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Saturday, April 29, 2006

Patriotism requires faith

A modest proposal for understanding President Bush's policies

by Charles Davis, Staff Writer

The Vista, University of San Diego (April 20 2006)

No matter where one turns these days, it seems impossible to avoid negative news stories about President Bush and his mission to bring peace and freedom to the people of Iraq. All too often the liberal media, which has wanted our troops to fail from the start, has reported only the bad things happening while completely avoiding all of the positives.

For instance, thirty people were burned to death in a Baghdad market as the result of an ongoing wave of sectarian violence, but there is no recognition of the people who were saved from the flames or watched a cherished loved one agonizingly die before their eyes. Furthermore, in their ongoing war against America and its values, liberals have even gone so far as to question our leader's policies and conduct in a time of war - a clear act of treason. The president's critics must realize that he is only doing what he feels is best for America.

"President Bush's policies are helping the United States economy"

Questions are best saved for the end of the conflict, which, as Vice-President Cheney has told us, should be in just a few short generations.

To further their anti-American agenda, many critics of the Bush administration have made outlandish accusations, including the claim that the president lied to the nation, prompting a war on a country that posed no discernible threat.

These critics point to statements made by people such as former Bush Treasury Secretary Paul O'Neill, who stated that the administration discussed plans for invading Iraq from the very first cabinet meeting in 2001, and said that "it was all about finding a way to [invade]. That was the tone of it. The president saying 'Go find me a way to do this'."

Others point to the Downing Street memos, wherein a British intelligence officer who met with the Bush administration back in July 2002 reported to his superiors that Bush was ready to go to war but that "the intelligence and facts were being fixed around the policy".

Of course, these partisan critics of the president inevitably act as if misleading the public into war is a bad thing - but is it?

In reality, Bush is only ensuring that Americans have plenty of future adversaries and conflicts, meaning plenty of business for our nation's patriotic defense contractors.

Ever since World War II, the United States' economy has been dependent on what former president Dwight D Eisenhower called "the military-industrial complex".

As the Department of Defense's Web site states, "[We] are America's oldest, largest, busiest and most successful company", employing millions of people, operating over 6,000 bases in the United States and 702 overseas bases in 130 countries.

For 2007, the defense budget is roughly $463 billion, not including the wars in Iraq and Afghanistan, which account for an additional $120 billion.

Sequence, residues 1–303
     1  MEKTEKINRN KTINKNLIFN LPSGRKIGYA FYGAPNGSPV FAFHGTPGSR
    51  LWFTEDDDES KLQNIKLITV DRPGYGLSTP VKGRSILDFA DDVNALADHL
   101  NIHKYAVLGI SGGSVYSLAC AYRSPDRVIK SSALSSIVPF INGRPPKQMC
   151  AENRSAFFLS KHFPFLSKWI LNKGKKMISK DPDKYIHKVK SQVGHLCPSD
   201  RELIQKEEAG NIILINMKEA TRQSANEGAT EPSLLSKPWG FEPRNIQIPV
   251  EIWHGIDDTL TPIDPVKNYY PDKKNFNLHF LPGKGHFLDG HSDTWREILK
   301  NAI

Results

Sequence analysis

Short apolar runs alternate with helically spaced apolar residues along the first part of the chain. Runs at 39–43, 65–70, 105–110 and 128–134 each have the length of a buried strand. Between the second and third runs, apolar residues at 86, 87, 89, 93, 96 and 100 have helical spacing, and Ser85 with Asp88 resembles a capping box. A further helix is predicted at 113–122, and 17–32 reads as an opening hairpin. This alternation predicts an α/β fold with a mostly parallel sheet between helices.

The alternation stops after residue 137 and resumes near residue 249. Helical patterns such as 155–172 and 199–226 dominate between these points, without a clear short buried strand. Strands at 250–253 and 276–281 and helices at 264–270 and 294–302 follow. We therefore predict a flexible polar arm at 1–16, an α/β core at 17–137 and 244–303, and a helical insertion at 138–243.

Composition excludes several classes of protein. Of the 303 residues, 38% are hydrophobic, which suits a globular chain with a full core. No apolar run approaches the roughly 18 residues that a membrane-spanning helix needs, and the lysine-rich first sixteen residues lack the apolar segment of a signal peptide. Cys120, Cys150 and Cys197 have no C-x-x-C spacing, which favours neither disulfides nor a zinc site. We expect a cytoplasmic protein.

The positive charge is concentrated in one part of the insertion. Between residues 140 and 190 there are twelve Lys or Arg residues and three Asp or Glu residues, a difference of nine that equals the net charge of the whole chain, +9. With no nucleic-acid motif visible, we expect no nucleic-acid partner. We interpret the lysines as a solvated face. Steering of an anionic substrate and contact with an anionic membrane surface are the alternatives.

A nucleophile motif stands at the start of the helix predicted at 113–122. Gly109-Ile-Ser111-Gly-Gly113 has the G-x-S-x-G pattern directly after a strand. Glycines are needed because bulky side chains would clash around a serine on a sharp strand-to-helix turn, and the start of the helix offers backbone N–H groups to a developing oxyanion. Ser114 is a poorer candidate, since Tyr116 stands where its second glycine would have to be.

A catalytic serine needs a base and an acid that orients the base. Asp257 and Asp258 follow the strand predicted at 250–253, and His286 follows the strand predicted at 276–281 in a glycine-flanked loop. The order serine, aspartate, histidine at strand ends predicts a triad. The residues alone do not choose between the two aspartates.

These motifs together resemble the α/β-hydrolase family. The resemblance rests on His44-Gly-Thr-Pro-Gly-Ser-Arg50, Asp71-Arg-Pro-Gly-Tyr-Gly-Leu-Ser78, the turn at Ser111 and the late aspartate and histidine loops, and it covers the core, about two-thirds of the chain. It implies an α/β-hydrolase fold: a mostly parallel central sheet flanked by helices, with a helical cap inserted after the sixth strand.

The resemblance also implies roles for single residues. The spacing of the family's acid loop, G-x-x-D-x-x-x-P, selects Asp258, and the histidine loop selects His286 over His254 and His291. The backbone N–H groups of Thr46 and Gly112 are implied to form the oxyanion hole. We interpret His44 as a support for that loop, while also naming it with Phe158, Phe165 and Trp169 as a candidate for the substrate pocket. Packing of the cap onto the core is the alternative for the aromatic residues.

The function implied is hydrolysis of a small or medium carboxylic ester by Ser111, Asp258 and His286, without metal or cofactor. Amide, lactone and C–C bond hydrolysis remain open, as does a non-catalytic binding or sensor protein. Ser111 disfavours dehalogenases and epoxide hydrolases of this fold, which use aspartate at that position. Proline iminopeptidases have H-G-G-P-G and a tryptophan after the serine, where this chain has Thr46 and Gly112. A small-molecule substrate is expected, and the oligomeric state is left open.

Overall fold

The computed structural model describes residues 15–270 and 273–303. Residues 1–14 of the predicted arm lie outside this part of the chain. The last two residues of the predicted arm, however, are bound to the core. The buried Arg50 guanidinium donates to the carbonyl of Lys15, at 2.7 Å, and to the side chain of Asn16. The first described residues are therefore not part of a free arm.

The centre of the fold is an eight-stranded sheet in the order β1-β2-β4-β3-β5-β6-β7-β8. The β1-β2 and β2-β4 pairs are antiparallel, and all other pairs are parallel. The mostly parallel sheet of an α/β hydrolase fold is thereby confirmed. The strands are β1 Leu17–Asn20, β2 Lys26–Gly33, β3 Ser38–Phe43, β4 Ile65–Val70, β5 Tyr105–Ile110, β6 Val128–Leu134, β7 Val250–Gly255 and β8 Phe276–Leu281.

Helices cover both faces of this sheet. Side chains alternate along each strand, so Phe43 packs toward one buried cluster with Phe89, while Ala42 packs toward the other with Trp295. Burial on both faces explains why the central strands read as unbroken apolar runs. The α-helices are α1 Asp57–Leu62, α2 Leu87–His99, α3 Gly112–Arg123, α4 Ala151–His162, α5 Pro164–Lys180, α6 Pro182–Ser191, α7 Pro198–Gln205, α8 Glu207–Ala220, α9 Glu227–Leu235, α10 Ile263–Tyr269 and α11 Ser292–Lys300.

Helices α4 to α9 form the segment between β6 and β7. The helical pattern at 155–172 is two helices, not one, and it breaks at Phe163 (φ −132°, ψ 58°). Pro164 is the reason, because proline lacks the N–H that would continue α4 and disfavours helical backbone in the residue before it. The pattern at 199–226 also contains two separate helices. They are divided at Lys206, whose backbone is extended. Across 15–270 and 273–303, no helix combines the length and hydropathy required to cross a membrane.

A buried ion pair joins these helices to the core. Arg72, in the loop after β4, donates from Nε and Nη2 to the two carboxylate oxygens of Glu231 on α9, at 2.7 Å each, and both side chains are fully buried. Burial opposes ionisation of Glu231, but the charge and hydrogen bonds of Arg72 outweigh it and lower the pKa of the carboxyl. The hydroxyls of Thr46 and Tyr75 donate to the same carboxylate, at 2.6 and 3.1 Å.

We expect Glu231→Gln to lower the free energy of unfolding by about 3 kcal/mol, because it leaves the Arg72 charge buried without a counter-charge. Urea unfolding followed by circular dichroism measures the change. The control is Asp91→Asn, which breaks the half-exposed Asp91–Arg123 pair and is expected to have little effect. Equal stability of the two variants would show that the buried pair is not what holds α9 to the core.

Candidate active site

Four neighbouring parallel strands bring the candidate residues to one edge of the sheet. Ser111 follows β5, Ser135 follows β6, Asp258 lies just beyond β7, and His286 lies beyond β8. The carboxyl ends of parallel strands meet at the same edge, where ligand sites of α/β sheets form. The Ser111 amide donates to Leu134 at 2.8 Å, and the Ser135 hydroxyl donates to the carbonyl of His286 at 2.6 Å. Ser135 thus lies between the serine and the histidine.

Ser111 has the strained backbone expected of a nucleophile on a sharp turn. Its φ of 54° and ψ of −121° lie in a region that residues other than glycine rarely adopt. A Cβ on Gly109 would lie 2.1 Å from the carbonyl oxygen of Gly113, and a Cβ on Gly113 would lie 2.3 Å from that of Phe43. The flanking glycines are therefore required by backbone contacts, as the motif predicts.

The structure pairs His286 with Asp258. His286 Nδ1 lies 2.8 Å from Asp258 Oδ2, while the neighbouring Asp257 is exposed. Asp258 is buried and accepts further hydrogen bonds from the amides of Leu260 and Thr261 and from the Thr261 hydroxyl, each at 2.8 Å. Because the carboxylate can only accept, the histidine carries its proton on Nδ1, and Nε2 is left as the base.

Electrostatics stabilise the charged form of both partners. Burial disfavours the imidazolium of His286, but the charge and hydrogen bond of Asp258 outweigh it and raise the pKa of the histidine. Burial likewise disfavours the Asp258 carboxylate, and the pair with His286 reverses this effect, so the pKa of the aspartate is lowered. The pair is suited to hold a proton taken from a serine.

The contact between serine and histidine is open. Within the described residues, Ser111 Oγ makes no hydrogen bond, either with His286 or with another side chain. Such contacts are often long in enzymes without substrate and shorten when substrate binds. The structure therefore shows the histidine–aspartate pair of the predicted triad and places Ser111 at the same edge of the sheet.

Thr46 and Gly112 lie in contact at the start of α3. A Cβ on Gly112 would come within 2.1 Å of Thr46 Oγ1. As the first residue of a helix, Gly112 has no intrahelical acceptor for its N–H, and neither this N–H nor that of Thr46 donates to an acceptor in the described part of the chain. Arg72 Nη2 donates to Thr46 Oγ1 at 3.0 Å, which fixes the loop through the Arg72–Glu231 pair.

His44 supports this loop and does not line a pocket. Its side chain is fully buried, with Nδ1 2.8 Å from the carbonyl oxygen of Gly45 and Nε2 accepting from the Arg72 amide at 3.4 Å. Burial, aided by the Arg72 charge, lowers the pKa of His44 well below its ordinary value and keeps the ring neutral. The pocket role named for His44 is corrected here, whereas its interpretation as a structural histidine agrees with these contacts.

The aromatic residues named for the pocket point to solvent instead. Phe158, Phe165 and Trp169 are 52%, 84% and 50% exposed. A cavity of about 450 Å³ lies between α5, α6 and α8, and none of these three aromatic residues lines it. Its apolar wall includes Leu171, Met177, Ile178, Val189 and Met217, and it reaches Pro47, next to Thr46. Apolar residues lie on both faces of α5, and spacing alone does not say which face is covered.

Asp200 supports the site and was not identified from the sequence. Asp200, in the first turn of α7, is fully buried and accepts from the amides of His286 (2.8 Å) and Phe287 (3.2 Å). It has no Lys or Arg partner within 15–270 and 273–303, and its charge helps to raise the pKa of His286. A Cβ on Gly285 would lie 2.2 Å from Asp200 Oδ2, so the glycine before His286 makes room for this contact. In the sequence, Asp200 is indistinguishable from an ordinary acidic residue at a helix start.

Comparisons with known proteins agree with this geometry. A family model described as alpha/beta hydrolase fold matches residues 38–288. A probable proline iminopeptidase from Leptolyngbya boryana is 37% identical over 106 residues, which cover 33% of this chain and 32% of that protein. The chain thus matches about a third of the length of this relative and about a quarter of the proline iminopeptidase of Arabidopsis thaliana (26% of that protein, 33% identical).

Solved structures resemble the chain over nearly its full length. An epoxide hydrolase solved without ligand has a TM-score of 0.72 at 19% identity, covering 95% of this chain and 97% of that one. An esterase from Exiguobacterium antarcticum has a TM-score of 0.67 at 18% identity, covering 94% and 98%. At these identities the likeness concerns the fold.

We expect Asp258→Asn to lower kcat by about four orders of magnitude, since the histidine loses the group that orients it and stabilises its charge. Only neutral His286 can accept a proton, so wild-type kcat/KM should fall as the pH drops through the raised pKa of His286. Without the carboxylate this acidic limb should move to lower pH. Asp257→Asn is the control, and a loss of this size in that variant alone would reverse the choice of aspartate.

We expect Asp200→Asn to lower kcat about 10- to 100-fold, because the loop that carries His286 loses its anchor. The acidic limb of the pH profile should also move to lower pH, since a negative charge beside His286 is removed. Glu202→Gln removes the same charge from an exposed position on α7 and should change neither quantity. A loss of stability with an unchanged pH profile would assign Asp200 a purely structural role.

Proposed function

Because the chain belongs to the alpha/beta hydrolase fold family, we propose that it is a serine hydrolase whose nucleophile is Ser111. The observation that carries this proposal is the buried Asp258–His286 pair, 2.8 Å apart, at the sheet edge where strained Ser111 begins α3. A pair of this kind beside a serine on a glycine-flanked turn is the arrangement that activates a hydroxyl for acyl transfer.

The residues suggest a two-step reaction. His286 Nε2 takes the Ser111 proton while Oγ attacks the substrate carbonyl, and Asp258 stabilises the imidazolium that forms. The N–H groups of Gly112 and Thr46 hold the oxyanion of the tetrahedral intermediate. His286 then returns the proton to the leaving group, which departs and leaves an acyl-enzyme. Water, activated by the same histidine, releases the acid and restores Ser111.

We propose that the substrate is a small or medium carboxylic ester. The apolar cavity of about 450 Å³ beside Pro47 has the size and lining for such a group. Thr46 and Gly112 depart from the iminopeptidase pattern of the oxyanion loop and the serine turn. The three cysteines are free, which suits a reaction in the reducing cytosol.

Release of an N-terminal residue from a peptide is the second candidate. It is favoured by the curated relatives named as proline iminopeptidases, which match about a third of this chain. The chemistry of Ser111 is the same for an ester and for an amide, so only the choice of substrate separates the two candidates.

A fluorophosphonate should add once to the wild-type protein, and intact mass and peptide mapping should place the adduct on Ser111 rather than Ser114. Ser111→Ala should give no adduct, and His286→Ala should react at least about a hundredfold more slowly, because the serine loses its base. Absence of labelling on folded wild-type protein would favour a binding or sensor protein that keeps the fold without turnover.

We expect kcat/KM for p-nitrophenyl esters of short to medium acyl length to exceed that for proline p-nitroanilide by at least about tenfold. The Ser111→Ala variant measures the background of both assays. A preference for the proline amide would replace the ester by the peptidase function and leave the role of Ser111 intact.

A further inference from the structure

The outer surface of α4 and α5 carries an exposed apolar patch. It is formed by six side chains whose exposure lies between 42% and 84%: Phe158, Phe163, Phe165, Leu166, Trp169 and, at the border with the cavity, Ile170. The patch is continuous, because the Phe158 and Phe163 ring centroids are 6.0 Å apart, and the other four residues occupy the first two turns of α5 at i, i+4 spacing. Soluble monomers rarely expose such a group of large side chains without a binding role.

The United States' defense budget accounts for just under half of world military spending.
By launching wars and planning for future conflicts, Bush has allowed our economy to thrive.

Since launching the war on Iraq in 2003, companies like Lockheed-Martin have seen profits rise by over 73 percent, and Halliburton CEO Dave Lesar said "2005 was the best in our 86-year history", after seeing his company's profits soar to $2.4 billion.

Without war, the American economy would collapse, forcing defense contractors and their families to live on the streets begging for scraps of food.

By actively planning for war, Bush has shown his bold foresight and commitment to creating well-paying American jobs, while proving to foreigners that America means business.

Some critics say that by heralding militarism and international belligerence, Bush is neglecting other important fields, such as science and medicine; however, nothing could be further from the truth. By allocating $22 billion for the Energy Department to develop a new class of tactical nuclear weapons, Bush is providing jobs for some of America's brightest scientists.

With all that said, too many Americans seem to have, unfortunately, bought into the mainstream media and liberal academia.

According to a recent poll by the Pew Research Center, Bush's approval rating sits at a dismal 33 percent, with the most frequent words used to describe him including "incompetent" and "liar". President Bush is being unjustly persecuted by his detractors.

With two-thirds of the public apparently not appreciative of all the work Bush has done perpetuating the success of our war economy, one is left with no other option but to ask: Why do so many Americans hate America?

The Vista (April 20 2006) Volume 43, Issue 10

(c) 2006 USD. All rights reserved.

University of San Diego, 5998 Alcala' Park, San Diego, California 92110 (619) 260-4600

Bill Totten


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